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The difference between good debt and disastrous debt

In our 'have it now' world, debt can be overwhelming if you ignore it

debt paul clitheroe good debt

Earlier this year I had the pleasure of assisting in the launch of the National Debt Helpline and the website that goes with it. I can’t tell you how important this initiative is.

Debt is not a new thing. We have thousands of years of history showing the use of debt.

Pretty obviously a business a few thousand years ago, or today, could not fund a major purchase such as a trading vessel or a large number of properties on cash alone. Equally, an individual’s ability to buy a home or a car would not happen without debt.

And debt is not necessarily a bad thing – it is the type of debt.

What is really sad is that our modern “have it now” society is driving the worst form of debt. Let me explain.

Great debt
Debt to buy a productive asset or a growth investment is in my terminology “great debt”. Sure, if you borrow too much you will get into trouble.

So, a business such as Qantas may borrow to buy an aircraft, a mining company such as BHP may borrow to put in a railway and a retailer may borrow to build a new supermarket.

Personally, we might borrow to buy an investment. Get greedy and debt, even great debt, will bite you.

But done sensibly, with plenty of research, you should end up buying a well-located property or shares. Let’s look at an investment property.

To keep it simple, let’s say you have saved a small deposit and money for stamp duty.

You buy a place for $420,000, borrowing $400,000. It rents for $350 a week but this drops to $300 after rates, agent fees, insurance and so on. So you get about $15,000. Your interest on the $400,000 is say, 5%, or $20,000. So you are out of pocket by $5000.

This loss is tax deductible. If you are a typical taxpayer, you’ll pay around 33% tax, so you’ll get a refund of about $1500 on the $5000. So the cost to hold the property is $3500. This $3500 is about “now”; do you think your property will go up by around 0.8% a year in value? Historically it will do much better than that!

But it only needs to go up by 0.8% to cover that $3500 loss. If it goes up by, say, 5%pa, you make about 4.2%, or some $21,000, a year.

Good debt

This is money borrowed to buy a non-investment asset.

This most often applies to us individuals when we buy a home. The interest on our mortgage is not tax deductible and we do not get rent because we live there. But, and it is a big “but”, we don’t need to rent elsewhere.

Over time, a well-located home will rise in value and we do tend to pay off our homes over time, giving us an asset and, when it is paid off, somewhere to live rent free.

Necessary debt
This is not ideal debt but I can live with it. It is when we buy things like a car.

This is probably necessary for you to earn a living in terms of getting to work or using the vehicle for work.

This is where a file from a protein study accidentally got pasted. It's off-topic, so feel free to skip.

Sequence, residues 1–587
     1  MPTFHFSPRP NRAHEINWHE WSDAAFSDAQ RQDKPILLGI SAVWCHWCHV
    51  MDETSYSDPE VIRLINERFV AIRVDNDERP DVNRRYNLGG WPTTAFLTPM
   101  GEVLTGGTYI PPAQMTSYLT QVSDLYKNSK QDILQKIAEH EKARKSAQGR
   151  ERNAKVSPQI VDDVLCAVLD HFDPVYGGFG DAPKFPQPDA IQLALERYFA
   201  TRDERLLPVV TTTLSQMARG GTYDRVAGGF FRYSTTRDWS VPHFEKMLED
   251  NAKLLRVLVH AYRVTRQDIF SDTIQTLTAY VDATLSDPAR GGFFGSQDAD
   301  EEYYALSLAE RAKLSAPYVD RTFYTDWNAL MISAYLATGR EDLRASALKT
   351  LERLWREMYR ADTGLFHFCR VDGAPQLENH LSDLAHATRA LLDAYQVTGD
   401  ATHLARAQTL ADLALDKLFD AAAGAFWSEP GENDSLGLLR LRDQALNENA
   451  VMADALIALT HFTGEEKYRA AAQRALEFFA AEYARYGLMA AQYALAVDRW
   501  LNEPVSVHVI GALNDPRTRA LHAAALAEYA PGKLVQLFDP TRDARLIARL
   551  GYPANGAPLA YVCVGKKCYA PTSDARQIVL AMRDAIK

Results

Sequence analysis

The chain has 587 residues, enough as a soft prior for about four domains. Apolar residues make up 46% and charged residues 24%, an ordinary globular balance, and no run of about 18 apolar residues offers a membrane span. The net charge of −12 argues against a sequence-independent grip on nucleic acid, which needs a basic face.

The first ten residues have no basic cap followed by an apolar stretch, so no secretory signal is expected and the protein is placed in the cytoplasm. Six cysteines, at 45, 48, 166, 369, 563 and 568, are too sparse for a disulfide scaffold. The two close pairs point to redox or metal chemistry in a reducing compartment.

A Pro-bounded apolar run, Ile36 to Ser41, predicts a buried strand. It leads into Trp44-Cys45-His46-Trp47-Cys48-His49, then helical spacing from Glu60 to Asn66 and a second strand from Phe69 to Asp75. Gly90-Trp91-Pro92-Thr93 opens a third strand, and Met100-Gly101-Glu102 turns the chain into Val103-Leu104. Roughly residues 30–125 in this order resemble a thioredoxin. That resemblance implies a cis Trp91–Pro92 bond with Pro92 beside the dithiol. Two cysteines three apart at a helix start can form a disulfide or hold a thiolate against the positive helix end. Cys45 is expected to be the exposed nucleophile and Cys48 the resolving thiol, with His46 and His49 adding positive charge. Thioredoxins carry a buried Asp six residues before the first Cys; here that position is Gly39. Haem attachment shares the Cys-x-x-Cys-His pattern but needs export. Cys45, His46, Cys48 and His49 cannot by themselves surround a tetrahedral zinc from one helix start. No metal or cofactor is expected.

The sad news is that an asset such as a car will fall in value rapidly! But that is life. Some things we need to have. If you think a boat falls in this category, think again. See the next level of debt.

Shocking, disastrous, horrible debt
Welcome to the modern world. “Have it now” means an unlimited supply of this type of debt. I reckon it is about as good for you as a nasty, virulent cancer. It will kill your finances and the stress may well shorten your life.

You know exactly what this type of debt is. Credit card debt, store debt, payday lenders and, in fact, anyone and any place that lends you money, mainly to buy stuff you do not really need.

The stuff you buy with this debt will nearly always have no value: furniture, electrical items, entertainment and – one that really bugs me – a holiday.

That is a genius concept. Put a holiday on your credit card as you are stressed out and need a break.

Terrific, you get to come back to a credit card bill, probably at 18%. You will forget the holiday in about a week and be overrun by even more stress for years. Now that really is clever.

The National Debt Helpline and website deal with mainly this sort of debt. It is run by a not-for-profit, community-based organisation. This is really important.

Most of the “debt help” services are there to make money. This is not good news for you!

So if you or anyone else you know feel they are not getting ahead with their finances due to debt, or are sinking in debt, call the National Debt Hotline on 1800 007 007 – James Bond to the rescue. You will not be charged or sold even more expensive debt, which is what I see happening. The helpline receives funding from the Australian and state governments.

Don’t stick your head in the sand. Get stuck into “shocking, disastrous and horrible” debt before it overwhelms you.

Written by Paul Clitheroe

Paul Clitheroe

Paul Clitheroe AM is a respected financial adviser and Money’s chairman and chief commentator. He is chair of the Australian Government Financial Literacy Board, and author of several personal finance books which have sold more than 600,000 copies. Email Paul your question (must be 150 words or less).

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